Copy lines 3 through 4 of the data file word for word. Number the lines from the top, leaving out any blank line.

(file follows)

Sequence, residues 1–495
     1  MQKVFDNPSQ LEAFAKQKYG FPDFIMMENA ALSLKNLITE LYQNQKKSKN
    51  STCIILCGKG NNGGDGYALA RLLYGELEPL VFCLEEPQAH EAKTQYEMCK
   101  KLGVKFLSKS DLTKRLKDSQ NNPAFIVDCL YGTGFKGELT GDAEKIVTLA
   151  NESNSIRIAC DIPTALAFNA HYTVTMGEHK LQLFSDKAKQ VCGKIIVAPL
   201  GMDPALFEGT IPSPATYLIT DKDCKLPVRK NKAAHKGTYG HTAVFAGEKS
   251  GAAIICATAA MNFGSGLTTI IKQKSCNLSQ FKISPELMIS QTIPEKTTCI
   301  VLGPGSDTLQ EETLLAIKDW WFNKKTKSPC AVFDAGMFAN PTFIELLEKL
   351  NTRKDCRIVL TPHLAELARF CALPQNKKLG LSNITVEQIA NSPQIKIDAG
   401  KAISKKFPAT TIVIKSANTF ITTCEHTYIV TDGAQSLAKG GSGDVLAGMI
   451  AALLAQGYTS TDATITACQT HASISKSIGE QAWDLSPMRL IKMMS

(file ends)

    51  STCIILCGKG NNGGDGYALA RLLYGELEPL VFCLEEPQAH EAKTQYEMCK
   101  KLGVKFLSKS DLTKRLKDSQ NNPAFIVDCL YGTGFKGELT GDAEKIVTLA